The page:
News Corp. shareholders overwhelmingly approved measures to carve Rupert Murdoch's sprawling media empire into two separate publicly traded media companies.
The corporate split is on track to occur June 28, Murdoch announced Tuesday morning during a 23-minute special meeting of shareholders in New York.
The television networks, television production and movie studio operations will form the newly named 21st Century Fox Inc. The publishing assets, including the Wall Street Journal, Times of London, New York Post, the Australian and the HarperCollins book publishing house, will take the name News Corp.
"Both companies will be uniquely positioned to execute on their respective strategic objectives and to lead their industries forward," Murdoch said. "I am confident in their future prospects and the value each will create for its stockholders."
Murdoch opened the polls for voting at 10:06 a.m. Eastern time, six minutes after he called the meeting to order. The polls were open for about 15 minutes to allow shareholders attending the meeting to cast ballots. Most shareholders sent their ballots by mail. About a dozen shareholders attended the session, according to a person present.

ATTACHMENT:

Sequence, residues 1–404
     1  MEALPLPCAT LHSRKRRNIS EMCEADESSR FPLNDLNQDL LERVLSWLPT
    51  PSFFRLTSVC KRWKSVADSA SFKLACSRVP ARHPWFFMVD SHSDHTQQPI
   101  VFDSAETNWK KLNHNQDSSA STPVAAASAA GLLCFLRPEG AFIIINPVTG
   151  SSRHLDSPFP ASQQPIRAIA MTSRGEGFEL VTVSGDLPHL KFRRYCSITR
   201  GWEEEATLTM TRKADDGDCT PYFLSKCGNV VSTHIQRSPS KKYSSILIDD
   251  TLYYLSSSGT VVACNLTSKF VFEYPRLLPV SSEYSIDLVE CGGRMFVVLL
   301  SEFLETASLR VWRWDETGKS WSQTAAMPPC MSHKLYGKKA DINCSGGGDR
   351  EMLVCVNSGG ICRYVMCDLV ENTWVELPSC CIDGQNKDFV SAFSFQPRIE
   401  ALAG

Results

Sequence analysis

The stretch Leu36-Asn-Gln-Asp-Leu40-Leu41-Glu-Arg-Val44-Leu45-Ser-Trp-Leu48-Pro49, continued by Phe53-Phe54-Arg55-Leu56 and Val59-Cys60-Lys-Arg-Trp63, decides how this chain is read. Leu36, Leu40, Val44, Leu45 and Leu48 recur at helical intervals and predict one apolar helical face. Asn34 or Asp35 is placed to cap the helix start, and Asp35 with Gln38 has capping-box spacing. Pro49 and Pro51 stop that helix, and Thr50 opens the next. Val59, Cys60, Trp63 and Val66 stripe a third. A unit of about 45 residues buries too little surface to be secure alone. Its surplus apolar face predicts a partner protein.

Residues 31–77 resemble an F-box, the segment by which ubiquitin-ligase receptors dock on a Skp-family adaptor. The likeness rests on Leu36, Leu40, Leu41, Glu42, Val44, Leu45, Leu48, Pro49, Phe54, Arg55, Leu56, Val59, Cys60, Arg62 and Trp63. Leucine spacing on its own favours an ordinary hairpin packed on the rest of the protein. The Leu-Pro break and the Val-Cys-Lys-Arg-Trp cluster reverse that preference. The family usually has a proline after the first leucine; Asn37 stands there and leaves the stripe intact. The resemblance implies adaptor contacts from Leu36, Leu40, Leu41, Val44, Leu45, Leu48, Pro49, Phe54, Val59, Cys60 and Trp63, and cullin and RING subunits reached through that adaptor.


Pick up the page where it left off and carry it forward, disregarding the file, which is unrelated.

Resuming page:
Shortly after opening the polls, Murdoch announced that an "overwhelming majority" of shareholders had approved the split.
"Thank you for your support," Murdoch said. The company plans to release vote totals later in a filing with the Securities & Exchange Commission.
During the meeting, two corporate governance activists raised questions about the structure of the companies, including the two classes of stock, which allow Murdoch to control the company with nearly 40% of the voting stock. Most shareholders have non-voting stock.
Julie Tanner, assistant director of socially responsible investing for Christian Brothers Investment Services, challenged News Corp. executives over the decision to allow Murdoch to wear three hats in the two companies: Murdoch will serve as chairman and chief executive of 21st Century Fox and he will be chairman of the new News Corp.
Robert Thomson, former managing editor of the Wall Street Journal, will become CEO of the new News Corp.
"It seemed like a good choice," said Gerson Zweifach, News Corp.'s group general counsel and chief compliance officer. He said there had been plenty of internal discussions about the best structure for the management teams.
At the end of the meeting, a third shareholder, Phillip Berman, approached the microphone to voice his support of the 82-year-old media baron.
"Let us all remember that Rupert Murdoch pushed the envelope when he built News Corp. and he went above and beyond the envelope," Berman said. "Nobody does it better than Rupert Murdoch."
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